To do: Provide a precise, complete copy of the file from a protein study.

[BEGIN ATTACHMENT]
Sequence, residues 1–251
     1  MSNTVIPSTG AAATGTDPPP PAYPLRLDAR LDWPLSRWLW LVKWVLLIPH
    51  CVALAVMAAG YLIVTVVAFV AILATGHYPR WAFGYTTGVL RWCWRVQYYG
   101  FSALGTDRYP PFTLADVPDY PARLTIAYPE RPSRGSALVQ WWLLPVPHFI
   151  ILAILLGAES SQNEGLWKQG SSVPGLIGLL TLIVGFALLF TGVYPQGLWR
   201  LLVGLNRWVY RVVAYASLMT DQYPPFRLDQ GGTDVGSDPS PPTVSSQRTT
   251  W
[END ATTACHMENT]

Sequence, residues 1–251
     1  MSNTVIPSTG AAATGTDPPP PAYPLRLDAR LDWPLSRWLW LVKWVLLIPH
    51  CVALAVMAAG YLIVTVVAFV AILATGHYPR WAFGYTTGVL RWCWRVQYYG
   101  FSALGTDRYP PFTLADVPDY PARLTIAYPE RPSRGSALVQ WWLLPVPHFI
   151  ILAILLGAES SQNEGLWKQG SSVPGLIGLL TLIVGFALLF TGVYPQGLWR
   201  LLVGLNRWVY RVVAYASLMT DQYPPFRLDQ GGTDVGSDPS PPTVSSQRTT
   251  W